[Rubygems-developers] Overhaul of specification.rb

Gavin Sinclair gsinclair at soyabean.com.au
Thu Aug 5 11:13:43 EDT 2004

On Thursday, August 5, 2004, 8:23:16 AM, Chad wrote:

> On Aug 1, 2004, at 10:56 AM, Gavin Sinclair wrote:

>> Guys,
>> I've done a lot of work on specification.rb.  The motivation was to
>> organise the code a bit better, and give special treatment to all
>> gemspec attributes to prevent repitition.  I wanted to add
>> 'library_stubs' and 'test_files' attributes, and deprecate
>> 'test_suite_file', but also to ensure that the overall code was
>> written and tested well.

> Looks like this introduced a major bug, probably having to do with the
> way default values for optional dependencies are generated/handled:

> chadfowler$ sudo ruby -I lib bin/gem install rake
> Attempting local installation of 'rake'
> Local gem file not found: rake.gem
> Attempting remote installation of 'rake'
> ERROR:  While executing gem ... (NoMethodError)
>      undefined method `each' for nil:NilClass

I took a look today but didn't have very long.  It's to do with the
way the gem spec is created.  If it's deserialized from YAML, then it
doesn't go through the #initialize process, which is the problem.
Before my change, empty/nil properties were not written to YAML, so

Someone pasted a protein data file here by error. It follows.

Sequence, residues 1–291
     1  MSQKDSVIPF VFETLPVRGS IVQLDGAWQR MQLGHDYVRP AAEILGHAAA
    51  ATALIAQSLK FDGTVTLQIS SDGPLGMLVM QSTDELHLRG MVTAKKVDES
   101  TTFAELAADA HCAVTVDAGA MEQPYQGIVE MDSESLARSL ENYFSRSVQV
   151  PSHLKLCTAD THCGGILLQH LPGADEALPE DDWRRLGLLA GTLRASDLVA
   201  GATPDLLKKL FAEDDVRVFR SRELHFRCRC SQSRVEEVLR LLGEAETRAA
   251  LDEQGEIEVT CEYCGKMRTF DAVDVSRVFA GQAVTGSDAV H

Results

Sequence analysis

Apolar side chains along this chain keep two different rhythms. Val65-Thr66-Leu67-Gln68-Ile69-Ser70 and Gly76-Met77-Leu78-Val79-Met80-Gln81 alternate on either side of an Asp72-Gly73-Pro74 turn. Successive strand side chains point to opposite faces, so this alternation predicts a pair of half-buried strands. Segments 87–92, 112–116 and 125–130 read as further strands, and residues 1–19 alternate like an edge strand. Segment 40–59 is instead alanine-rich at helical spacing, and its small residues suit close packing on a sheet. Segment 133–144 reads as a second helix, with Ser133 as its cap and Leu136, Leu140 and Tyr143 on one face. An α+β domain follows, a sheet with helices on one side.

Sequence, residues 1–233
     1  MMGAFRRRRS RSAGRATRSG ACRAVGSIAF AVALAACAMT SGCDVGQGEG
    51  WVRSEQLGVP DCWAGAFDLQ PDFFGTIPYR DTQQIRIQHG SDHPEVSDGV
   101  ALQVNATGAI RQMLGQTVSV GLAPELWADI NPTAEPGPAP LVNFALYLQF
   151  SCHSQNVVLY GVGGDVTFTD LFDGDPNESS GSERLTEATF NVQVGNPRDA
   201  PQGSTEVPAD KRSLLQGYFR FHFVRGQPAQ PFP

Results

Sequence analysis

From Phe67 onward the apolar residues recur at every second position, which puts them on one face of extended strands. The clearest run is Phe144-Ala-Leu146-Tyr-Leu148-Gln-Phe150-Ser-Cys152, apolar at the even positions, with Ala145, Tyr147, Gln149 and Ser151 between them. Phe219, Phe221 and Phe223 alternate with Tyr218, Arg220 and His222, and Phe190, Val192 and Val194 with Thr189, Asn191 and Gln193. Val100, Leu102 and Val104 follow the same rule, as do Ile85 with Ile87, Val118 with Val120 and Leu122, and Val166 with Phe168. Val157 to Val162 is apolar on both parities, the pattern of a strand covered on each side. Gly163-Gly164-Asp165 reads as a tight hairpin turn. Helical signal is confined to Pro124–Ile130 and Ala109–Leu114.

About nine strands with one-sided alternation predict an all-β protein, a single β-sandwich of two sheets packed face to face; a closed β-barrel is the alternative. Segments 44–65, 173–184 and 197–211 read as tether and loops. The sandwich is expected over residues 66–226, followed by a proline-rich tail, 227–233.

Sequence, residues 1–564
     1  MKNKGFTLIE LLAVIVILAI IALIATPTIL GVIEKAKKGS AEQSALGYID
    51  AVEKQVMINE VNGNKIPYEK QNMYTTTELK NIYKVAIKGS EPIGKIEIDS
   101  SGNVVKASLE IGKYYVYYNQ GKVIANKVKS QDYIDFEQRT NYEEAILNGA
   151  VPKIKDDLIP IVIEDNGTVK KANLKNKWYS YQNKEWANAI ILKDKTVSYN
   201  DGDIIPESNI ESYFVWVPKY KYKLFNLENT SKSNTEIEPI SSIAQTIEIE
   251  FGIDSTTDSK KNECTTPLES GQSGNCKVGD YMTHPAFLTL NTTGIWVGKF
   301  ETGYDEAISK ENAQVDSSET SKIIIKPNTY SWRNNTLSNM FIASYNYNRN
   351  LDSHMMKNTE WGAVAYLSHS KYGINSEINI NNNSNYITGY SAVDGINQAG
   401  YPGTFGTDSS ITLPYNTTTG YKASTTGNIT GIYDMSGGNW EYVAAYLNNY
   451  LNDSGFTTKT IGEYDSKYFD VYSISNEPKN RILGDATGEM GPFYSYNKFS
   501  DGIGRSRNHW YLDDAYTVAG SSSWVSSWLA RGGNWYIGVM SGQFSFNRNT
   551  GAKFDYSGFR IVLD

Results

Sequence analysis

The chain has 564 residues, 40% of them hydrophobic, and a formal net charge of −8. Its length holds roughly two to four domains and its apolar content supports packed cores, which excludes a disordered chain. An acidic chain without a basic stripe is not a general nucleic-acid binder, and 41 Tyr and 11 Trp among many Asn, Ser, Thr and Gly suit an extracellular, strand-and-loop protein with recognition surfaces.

when they're loaded in, they're still empty/nil.  The old spec code
was OK with this because some of the accessors were like this:

  def dependencies
    @dependencies ||= []

The code now writes a complete YAML spec and has plain accessors.
There are clearly issues with both of those behaviours.  Probably the
best option is to generate the accessors like above.  Whether the
entire YAML is written out or not is a matter of taste.
Aesthetically, I'd prefer not to.  To avoid inter-spec-version
problems (like this one :) I'd rather do so.  It's something that
requires a bit of thought, methinks.

Anyway, I'll change the code (tomorrow) to generate smart accessors,
and I'm 99% sure that will fix the problem.  Thanks for pointing it

BTW, you can use "rake gem ..." to run the local (non-installed) gem
code, IIRC.  And it doesn't matter what (sub)directory you're in.  Did
I ever mention I love Rake?


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